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Dr. Claude Brunson

Dr. Claude Brunson, senior adviser to the vice chancellor for external affairs at University of Mississippi Medical Center, is slated to become president-elect of the Mississippi State Medical Association.

Chris Christie Gay Marriage Move Stirs GOP

Gov. Chris Christie's decision to stop fighting gay marriage in New Jersey was pragmatic—same sex weddings had already begun and a court warned that the state would have little chance of overturning them.

Builders of Obama's Health Website Saw Red Flags

Crammed into conference rooms with pizza for dinner, some programmers building the Obama administration's showcase health insurance website were growing increasingly stressed.

Extremist Groups Hobble Syrian Peace Negotiations

Violent extremists seeking to overthrow Syrian President Bashar Assad may instead have hurt negotiations to replace him.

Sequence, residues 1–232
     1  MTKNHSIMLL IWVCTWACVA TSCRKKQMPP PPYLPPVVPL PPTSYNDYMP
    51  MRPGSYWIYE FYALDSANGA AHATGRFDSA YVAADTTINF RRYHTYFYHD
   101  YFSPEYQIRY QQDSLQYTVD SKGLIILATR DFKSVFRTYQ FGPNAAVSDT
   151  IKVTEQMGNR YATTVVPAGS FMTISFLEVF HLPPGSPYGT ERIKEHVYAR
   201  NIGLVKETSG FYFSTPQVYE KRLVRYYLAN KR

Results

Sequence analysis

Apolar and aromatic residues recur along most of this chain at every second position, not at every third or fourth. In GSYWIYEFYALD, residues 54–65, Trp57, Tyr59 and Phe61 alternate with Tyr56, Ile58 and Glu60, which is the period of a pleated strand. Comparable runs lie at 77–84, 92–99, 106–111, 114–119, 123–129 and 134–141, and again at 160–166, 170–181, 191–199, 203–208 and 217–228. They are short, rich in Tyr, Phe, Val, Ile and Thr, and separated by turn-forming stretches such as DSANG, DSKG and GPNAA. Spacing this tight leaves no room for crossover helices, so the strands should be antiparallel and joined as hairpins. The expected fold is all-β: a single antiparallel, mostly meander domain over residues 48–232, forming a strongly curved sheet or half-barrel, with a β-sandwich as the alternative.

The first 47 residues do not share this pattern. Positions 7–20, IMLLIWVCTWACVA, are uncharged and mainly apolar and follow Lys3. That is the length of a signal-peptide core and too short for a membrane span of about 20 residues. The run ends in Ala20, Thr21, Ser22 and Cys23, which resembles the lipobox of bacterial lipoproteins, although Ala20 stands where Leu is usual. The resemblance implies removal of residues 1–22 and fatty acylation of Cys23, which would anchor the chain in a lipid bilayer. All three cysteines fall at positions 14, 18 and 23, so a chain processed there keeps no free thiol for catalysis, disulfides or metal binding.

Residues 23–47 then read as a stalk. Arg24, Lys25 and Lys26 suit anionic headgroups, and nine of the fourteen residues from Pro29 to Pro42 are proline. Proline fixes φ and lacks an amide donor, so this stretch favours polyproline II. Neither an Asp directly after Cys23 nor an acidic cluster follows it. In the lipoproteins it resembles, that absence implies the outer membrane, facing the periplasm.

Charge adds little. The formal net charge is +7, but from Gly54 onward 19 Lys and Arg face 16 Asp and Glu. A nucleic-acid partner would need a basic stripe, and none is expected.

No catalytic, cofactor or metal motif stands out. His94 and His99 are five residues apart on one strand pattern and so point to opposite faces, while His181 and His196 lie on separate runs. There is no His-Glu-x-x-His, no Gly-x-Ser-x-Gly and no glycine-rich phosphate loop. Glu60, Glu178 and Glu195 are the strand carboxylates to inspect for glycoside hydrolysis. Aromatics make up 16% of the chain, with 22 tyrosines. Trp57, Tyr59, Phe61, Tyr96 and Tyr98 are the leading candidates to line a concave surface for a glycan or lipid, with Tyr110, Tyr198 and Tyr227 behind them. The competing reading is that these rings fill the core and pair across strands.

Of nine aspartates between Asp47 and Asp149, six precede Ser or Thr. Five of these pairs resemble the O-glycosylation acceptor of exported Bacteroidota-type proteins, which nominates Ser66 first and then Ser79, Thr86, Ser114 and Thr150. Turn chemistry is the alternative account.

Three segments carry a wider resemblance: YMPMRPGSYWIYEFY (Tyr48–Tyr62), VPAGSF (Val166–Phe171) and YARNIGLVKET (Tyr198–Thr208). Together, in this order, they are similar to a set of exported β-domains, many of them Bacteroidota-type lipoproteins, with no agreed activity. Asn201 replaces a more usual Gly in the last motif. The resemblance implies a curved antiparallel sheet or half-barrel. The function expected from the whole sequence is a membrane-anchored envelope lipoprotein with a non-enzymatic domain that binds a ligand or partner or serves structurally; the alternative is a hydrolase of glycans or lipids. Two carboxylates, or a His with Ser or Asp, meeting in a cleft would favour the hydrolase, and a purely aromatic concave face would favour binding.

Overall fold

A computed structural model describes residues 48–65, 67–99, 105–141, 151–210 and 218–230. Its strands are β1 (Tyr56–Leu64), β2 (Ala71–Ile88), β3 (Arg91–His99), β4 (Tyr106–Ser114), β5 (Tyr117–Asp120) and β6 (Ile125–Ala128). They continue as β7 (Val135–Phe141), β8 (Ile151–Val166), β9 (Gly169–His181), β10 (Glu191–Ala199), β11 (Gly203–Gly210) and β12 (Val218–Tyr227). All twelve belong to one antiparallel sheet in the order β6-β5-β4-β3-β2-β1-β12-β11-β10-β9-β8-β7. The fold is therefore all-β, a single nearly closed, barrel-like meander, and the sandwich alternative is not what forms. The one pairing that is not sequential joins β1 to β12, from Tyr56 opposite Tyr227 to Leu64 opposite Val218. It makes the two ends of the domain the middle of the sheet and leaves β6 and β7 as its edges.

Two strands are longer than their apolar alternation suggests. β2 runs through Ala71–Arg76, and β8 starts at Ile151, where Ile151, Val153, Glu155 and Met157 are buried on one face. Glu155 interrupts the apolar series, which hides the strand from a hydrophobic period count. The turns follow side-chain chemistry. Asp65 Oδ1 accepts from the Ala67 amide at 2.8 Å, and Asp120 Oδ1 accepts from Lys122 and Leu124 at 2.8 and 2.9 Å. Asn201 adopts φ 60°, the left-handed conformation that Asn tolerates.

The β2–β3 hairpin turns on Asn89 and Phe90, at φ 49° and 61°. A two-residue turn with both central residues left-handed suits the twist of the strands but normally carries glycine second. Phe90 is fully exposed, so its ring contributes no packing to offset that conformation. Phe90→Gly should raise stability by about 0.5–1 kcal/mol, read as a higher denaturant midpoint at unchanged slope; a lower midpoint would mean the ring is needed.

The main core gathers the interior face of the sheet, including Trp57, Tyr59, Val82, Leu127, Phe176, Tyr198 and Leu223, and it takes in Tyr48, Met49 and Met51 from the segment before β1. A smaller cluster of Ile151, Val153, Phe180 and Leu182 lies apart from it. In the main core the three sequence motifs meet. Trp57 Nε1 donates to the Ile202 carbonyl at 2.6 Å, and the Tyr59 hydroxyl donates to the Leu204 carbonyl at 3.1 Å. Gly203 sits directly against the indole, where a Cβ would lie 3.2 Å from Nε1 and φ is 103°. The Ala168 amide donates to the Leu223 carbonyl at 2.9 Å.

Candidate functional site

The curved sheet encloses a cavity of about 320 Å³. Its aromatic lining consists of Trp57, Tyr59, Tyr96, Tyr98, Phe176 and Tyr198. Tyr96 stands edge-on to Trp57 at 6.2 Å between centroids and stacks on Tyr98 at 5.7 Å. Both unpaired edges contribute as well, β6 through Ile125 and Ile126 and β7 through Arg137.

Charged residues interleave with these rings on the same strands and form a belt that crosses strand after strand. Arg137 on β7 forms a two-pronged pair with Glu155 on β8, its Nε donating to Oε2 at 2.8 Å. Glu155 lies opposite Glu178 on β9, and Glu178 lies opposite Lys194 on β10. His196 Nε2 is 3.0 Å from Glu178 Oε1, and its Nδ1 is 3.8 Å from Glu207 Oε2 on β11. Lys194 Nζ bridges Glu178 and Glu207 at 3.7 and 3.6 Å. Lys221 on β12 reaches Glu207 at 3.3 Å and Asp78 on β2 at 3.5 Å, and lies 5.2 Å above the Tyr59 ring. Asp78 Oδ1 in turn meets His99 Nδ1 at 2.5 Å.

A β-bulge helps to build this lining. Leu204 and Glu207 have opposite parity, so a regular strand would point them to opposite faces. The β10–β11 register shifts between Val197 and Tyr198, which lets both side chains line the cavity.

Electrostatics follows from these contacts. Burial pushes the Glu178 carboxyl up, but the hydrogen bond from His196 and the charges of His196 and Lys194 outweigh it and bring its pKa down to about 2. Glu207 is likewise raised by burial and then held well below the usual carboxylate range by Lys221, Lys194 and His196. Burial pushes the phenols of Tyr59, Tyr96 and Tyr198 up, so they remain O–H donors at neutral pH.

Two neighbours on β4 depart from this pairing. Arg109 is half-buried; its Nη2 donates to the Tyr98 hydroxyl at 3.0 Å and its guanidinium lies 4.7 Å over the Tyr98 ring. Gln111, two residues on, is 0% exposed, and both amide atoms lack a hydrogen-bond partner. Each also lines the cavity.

Teacher Called Hero in Fatal Nevada School Shooting

Police said a Sparks Middle School student was the lone shooter who injured two classmates, killed himself and took the life of an 8th-grade math teacher who tried to stop the rampage Monday.

Charter Schools Unlikely in Miss. for Fall 2014

It's unlikely that students will attend charter schools in Mississippi in August 2014.

Monday, October 21

Police: Student Killed Staffer at Nevada School

A student at a Nevada middle school opened fire on campus just before the starting bell Monday, wounding two boys and killing a staff member who was trying to protect other children, Sparks police said Monday.

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JSU Salvages Homecoming After Grambling No-Show

The Jackson State University football Tigers woke up winners Saturday morning, and made the best of a bad situation by celebrating homecoming with a scrimmage and concert at Veterans Memorial Stadium.

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Here's Why Broke Down

For the past two weeks,, the federal government's new health insurance marketplace, has been bogged down by problems, preventing users from viewing insurance options and plans on the website.

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Willie Heidelberg